While many areas of the country are now recovering and the economy is growing again, we must not forget those who are still struggling – your clients that you see every day. We decided to come to Phoenix to kick off these new mortgage rules because this community knows all too well the heartaches of troubled homeownership. One in five Arizona homeowners with a mortgage still owes more than their home is worth. Across the country, that number is roughly one in ten. As housing counselors, you know this means more than just having a hard time paying the bills; it also means stunted lives where people cannot move or sell their homes. Others may be embarked on a great struggle just to keep from losing their homes because they cannot keep up with their mortgage payments. Throughout the United States, two million households still remain at high risk of foreclosure.
These troubles did not come out of nowhere; these people were victims of a broken system, with deeply tragic consequences. And today, we are doing something about it by taking a “back to basics” approach to mortgage lending practices. No debt traps. No surprises. No runarounds. These are bedrock concepts backed by our new common-sense rules, which take effect today.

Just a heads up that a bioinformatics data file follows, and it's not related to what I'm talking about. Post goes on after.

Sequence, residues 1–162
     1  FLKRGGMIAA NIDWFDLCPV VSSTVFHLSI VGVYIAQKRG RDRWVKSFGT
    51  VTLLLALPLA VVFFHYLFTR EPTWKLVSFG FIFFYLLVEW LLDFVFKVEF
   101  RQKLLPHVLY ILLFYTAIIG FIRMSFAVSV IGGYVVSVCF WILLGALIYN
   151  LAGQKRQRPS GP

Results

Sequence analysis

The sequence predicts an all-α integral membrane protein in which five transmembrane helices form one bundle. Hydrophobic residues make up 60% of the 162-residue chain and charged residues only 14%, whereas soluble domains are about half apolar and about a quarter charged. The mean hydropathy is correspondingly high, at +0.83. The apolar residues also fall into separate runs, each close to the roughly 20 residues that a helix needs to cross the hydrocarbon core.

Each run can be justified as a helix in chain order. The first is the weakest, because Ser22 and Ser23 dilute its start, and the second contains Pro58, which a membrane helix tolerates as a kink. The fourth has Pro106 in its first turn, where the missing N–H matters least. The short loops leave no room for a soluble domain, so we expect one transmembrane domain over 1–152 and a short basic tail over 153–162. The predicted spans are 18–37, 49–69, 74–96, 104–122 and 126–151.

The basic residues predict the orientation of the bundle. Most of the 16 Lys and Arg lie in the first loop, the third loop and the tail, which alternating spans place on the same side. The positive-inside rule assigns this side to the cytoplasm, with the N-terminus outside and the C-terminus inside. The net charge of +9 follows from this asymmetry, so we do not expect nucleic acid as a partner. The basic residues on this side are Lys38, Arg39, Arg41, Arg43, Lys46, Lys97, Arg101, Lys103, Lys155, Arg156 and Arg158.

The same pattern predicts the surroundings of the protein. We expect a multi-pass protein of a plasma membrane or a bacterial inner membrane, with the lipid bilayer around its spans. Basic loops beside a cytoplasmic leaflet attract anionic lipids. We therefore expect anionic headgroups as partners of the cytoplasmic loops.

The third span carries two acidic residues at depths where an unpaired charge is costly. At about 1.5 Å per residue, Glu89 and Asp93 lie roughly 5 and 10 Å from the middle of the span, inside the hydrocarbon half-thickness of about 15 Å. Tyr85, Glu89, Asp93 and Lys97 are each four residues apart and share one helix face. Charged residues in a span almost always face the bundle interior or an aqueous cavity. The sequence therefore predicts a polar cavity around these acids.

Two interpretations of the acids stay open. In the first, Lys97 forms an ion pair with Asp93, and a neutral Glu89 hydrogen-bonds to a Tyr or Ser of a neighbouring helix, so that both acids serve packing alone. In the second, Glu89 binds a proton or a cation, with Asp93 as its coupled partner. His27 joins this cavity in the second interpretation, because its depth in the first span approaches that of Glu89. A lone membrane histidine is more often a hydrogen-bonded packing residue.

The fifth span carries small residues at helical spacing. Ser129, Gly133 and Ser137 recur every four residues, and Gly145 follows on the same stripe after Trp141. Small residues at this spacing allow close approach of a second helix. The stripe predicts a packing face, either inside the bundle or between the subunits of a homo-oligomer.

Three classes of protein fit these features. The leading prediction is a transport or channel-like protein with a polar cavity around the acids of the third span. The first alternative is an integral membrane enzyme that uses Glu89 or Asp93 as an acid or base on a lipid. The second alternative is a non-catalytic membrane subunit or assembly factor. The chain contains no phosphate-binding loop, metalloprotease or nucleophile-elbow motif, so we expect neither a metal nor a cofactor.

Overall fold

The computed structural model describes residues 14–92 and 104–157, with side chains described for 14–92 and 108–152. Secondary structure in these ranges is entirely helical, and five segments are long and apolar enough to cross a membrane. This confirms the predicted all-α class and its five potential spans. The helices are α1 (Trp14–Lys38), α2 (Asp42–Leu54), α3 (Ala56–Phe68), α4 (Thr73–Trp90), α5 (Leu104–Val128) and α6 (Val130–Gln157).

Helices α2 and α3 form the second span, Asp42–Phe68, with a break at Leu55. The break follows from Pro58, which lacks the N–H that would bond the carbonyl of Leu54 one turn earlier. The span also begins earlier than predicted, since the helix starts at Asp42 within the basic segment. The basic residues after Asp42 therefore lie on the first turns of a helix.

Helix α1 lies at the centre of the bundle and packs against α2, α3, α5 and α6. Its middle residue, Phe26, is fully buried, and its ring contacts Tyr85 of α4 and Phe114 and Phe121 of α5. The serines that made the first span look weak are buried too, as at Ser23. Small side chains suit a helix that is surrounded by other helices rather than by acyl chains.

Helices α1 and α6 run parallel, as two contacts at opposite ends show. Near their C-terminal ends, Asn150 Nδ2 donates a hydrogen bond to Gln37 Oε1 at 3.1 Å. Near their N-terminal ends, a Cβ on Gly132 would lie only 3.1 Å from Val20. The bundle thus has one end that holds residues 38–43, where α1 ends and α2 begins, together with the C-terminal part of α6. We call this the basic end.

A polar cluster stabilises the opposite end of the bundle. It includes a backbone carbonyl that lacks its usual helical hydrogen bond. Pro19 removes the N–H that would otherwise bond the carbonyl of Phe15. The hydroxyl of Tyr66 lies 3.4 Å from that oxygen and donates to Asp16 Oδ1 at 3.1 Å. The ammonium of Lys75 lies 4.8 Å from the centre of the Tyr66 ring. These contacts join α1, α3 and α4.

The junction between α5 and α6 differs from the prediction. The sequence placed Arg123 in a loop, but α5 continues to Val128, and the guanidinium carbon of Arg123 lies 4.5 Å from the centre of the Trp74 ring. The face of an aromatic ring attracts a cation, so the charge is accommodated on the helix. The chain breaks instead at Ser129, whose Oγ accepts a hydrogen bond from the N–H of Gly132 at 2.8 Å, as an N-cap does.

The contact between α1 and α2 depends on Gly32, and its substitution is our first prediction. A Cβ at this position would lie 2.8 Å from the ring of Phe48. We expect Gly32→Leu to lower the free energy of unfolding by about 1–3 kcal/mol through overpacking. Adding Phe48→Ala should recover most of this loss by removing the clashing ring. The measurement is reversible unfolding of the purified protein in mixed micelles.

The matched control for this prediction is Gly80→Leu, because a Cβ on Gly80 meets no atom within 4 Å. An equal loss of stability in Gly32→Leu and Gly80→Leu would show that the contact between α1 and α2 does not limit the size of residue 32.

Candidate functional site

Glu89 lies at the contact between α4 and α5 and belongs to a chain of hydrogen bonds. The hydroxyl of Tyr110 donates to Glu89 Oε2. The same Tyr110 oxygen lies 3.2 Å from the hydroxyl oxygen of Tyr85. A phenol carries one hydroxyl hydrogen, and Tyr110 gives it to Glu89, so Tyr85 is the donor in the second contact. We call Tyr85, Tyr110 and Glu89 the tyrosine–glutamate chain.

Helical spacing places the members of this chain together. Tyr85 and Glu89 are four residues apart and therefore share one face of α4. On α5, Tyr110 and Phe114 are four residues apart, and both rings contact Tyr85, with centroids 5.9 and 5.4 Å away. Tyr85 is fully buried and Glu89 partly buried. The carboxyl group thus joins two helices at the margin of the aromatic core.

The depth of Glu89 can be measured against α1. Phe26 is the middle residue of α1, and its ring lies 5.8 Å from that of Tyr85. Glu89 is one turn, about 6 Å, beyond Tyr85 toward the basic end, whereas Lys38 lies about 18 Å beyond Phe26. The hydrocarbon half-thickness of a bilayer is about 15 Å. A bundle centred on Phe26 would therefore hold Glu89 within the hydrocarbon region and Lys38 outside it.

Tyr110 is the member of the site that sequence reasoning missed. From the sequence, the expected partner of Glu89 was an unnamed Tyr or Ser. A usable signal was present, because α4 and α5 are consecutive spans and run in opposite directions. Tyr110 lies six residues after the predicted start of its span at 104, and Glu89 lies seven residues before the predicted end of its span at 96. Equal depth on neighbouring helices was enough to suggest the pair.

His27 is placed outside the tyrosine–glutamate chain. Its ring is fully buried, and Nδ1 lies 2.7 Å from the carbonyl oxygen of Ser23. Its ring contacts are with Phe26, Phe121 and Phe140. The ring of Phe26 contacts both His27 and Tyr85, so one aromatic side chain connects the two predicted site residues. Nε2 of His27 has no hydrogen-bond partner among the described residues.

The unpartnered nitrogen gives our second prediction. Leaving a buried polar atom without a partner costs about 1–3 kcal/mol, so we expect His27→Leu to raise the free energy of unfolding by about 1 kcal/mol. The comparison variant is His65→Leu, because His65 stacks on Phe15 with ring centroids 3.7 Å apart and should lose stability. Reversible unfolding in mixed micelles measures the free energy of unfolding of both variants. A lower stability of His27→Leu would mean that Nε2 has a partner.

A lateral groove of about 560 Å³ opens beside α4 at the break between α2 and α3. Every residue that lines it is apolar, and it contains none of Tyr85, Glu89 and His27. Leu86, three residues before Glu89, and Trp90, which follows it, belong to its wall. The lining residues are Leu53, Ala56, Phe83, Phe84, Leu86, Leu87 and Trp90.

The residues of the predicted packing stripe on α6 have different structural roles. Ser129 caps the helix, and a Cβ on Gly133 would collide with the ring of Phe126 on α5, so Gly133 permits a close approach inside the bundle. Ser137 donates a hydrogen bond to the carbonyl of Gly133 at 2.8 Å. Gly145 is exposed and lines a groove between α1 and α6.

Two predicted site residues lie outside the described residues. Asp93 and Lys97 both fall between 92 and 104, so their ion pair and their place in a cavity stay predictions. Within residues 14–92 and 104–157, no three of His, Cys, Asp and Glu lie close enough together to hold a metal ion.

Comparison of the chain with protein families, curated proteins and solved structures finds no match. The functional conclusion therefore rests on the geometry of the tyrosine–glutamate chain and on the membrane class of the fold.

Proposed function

The first back-to-basics approach addressed by our new mortgage rules is no debt traps.
For most people, their mortgage is the largest financial obligation of their lifetimes. But it can be difficult to figure out how much house – and how much mortgage – is the right amount. It is easy to get confused by the intricacies of taxes, escrows, interest rates, private mortgage insurance, changing monthly payments, and various fees. So most people rely on the professionals to tell them how it all works. And they assume that the lender will not lend them money unless the lender is confident they will be able to repay the loan. They believe this all means they are positioned to make a responsible decision they can live with for decades, not be lured into something that will bring them financial ruin.
In the lead-up to the crisis, though, some mortgage businesses stopped their inquiries well short of the kind of due diligence needed to lend money responsibly. Some joined their customers to engage in wishful thinking. Some tricked people into believing they could afford loans they could not. Some actually falsified the numbers to make them look like they would work. Certainly some consumers should have known better and made very bad choices. But too many others did not even recognize the risks they had taken on until it was too late.